Can you describe Berry Cinema in one sentence?
We’re a future first, creative production company, focusing on cinematography, storytelling, and visual effects.
What’s the story behind your name?
To be completely honest, Berry Cinema just sounded nice to us. It totally got stuck in our heads, and after designing some mockup Berry logos and assets, there was no getting rid of it!
Baring in mind, we came up with the name at about the age of 14 for our YouTube channel, as we needed a platform to host our skateboarding videos and early action films.
It makes us so proud that, 12 years later, Berry Cinema is actually growing its name throughout the creative industry. You don’t really expect that to happen when you’re filming chase scenes (barely in HD at the time) out of the back of your mate’s car on a DSLR.
How large is your team now?
We’ve grown, not massively, but enough to keep us on our toes and to realize that it’s not just the two of us anymore!
We’re very fortunate to have a handpicked team of creatives that cover all aspects of video and content production. “SAS” is the best way to describe them, as they really are at the top of their game when it comes to filmmaking—passionately grafting and exploring every route possible. We have a great mix of great people, ranging in both age and opinions, who provide a wide array of experience and skill.
We’re always on the lookout for talented individuals and teams who want to push boundaries.
Did you have any mentors when you were first getting started? How did they help or inspire you early on?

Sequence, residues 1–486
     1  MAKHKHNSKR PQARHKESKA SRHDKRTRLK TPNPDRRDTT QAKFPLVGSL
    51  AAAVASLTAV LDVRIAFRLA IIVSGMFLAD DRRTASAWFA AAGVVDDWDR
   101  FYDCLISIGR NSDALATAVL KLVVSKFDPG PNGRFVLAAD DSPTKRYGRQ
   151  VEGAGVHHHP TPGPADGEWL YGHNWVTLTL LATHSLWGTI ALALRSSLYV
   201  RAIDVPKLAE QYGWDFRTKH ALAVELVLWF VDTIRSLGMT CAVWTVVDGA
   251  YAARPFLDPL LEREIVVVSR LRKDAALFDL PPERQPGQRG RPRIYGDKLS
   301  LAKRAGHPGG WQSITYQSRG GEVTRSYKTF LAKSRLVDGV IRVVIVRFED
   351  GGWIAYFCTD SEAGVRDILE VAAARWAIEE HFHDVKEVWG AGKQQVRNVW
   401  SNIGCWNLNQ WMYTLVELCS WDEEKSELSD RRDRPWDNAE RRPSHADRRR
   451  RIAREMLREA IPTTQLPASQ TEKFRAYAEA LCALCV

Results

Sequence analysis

We’ve always been inspired by our family, friends, bosses, and colleagues who have guided us through the hardest stages of our careers. Our parents (bless them) have been so supportive of our filmmaking ventures growing up, despite the stress we’ve put them through!
There are so many ridiculous stories. We used to break into dangerous derelict buildings to film post-apocalyptic battle scenes and invest all of our cash into fake weapons and military-grade attire. We once even had the armed police called to our family homes for using fake guns. We wouldn’t even be exaggerating to say there were ten police officers at the Burnham household, drinking tea, waiting for the Berry boys to return home from a hard day shooting. “Where’s your armorer, lads?”
You make mistakes along the way, but you’ve got to learn from them too. Help comes in heavy from the inspirational people around you.
What does a typical project look like for you?
There’s so much variety with what we do, and it really keeps the team fresh and passionate. We’re very lucky in the sense that we find all of our projects exciting, and we think our creatives and concepts reflect this.
We always look at projects from the outside, and it seems to be the reason we can continue creating original, entertaining, and engaging content without struggling for ideas.